*Note – Yatin Shah is president-elect of the Rotary Club of Rancho Cotati for 2018-2019 and the publisher of the Community Voice.
The best club in District 5130 is The Rancho Cotati Rotary Club that was formed and chartered about 10 years ago. There was a morning club in Rohnert Park; however, many members did not like the early morning hour and the club was getting quite large.
It then became the goal of Rotarian President Tim Miller (2006-2007) to think about starting a sister club. Miller met several times with then district advisor, Mike Merrill and decided to take the plunge. Surveys were put out to the members to see who would like to be in a luncheon club or if there were other reasons. After the review of the questionnaire, a few thought the luncheon club would be a great conception, therefore the Rotary Club of Rancho Cotati was conceived and became a charter club in May of 2007.
Carl Leivo was very instrumental in heading out the new club and Warren Hernand became the first president of the Rotary Club of Rancho Cotati. Some of the first members were Mary Graves, Sandy Geary, Sherri Lorenz, Ira Freed, Flo Gretsky, Gabe Gonzalez and Audrey Cohn. The first year could have been very stressful; however, Rotarian Hernand was a great leader and the club managed to float along a few years before some glitches reared their ugly head.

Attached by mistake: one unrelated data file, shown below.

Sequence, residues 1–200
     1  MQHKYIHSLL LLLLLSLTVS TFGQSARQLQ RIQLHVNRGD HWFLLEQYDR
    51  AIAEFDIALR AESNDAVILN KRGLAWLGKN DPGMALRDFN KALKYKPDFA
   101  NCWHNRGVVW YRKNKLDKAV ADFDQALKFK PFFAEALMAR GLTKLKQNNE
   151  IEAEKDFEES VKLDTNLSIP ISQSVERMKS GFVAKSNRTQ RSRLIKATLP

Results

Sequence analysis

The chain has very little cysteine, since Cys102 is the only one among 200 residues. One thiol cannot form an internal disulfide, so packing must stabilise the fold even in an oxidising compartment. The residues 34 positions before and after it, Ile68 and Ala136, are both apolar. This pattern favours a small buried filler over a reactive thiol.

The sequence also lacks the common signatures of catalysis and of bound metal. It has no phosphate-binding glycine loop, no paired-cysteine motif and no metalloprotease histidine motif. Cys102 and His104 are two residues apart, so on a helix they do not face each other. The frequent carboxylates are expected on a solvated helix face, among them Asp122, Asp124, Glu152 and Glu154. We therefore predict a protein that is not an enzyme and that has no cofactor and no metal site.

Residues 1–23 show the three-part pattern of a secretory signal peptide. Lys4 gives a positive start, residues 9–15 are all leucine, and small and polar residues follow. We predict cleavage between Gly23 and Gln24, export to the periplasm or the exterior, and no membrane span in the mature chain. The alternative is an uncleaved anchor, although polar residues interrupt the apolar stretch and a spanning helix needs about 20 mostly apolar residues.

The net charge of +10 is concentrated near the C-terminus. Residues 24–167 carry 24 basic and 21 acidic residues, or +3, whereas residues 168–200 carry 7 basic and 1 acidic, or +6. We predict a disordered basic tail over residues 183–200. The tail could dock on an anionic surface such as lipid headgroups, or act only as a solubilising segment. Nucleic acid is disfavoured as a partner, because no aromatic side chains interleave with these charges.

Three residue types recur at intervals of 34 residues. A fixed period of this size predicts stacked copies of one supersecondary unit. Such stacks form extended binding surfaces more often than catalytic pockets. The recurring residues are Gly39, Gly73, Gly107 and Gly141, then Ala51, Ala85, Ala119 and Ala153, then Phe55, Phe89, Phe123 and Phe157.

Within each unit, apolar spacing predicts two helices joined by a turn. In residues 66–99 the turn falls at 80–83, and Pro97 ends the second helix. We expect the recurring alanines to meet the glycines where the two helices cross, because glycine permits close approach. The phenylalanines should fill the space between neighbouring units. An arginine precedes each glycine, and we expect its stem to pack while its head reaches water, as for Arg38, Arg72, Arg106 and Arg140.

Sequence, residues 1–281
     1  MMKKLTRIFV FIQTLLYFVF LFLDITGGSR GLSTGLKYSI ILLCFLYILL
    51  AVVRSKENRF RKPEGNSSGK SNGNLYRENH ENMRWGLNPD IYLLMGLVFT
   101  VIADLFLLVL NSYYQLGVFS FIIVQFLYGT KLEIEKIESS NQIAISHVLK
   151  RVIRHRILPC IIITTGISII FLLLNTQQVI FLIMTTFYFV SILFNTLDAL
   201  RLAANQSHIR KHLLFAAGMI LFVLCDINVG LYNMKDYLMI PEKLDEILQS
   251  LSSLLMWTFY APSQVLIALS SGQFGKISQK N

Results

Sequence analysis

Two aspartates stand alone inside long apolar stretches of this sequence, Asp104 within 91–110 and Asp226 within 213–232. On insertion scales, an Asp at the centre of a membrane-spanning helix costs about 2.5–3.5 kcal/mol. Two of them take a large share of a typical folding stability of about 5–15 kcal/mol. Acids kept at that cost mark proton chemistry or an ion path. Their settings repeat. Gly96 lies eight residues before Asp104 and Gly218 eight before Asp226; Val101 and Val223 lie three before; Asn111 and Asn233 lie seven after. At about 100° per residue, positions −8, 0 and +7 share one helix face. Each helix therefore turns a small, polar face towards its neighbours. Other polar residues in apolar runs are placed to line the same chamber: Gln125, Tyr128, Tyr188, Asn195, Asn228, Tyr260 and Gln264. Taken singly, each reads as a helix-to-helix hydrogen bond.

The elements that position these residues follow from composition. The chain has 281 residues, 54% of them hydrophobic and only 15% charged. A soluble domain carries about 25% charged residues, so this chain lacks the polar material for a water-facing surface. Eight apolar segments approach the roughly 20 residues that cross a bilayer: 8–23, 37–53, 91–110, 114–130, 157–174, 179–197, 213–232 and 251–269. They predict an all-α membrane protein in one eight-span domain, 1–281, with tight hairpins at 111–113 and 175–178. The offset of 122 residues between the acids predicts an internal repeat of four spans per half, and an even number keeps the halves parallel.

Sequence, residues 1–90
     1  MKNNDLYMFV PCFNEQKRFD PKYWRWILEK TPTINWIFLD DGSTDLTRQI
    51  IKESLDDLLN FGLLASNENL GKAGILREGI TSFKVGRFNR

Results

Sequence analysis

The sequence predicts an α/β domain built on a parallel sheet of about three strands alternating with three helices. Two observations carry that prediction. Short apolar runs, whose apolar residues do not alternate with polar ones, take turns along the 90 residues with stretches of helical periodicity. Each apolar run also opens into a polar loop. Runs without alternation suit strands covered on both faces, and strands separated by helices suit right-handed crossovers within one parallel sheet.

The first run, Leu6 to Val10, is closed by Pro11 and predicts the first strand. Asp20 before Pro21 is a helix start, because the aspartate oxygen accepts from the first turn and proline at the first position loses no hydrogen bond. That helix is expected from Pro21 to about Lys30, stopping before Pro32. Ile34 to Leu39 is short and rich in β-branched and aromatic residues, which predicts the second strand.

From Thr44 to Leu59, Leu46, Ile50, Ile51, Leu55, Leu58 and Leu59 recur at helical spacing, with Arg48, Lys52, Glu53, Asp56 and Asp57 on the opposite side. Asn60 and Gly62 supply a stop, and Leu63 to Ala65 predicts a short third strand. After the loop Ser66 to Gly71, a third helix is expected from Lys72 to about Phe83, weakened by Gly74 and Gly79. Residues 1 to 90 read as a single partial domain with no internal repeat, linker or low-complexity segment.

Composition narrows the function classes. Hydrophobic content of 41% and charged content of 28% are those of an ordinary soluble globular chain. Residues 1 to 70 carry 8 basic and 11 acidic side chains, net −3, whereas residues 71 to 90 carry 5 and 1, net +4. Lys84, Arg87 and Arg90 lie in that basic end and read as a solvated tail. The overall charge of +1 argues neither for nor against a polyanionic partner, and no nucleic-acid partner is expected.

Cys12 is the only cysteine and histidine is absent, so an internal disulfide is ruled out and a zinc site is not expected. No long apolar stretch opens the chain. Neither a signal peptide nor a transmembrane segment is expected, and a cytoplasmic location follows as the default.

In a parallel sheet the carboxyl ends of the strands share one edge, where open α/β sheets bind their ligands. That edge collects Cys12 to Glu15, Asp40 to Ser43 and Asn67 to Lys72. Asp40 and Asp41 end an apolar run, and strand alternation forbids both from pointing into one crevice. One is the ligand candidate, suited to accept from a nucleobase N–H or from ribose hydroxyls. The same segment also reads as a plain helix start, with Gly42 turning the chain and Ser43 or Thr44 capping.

Being a young club with families, stress began to set in and volunteerism was down, and a rotary club cannot function unless volunteers are behind each project. Expectations were very high, but adjustments were made and the club sails along quite well.
Regular weekly meetings are fun and informative but sometimes the board meetings become quite tense but with 13 different personalities in the room, compromises had to be made but problems usually got solved.
The Rotary Club of Rancho Cotati might be small, but they are mighty, so says Rotarian Sherri Lorenz.
The Rotary Club of Rancho Cotati has worked on many projects in the United States, India, Kenya and the Bahamas.
In 2007, a water project began in Kenya when the Rotary International humanitarian grant along with the Rotary Club of Nairobi Parklands were able to build three separate sites in Kenya. As of today, the wells are still providing fresh drinking water.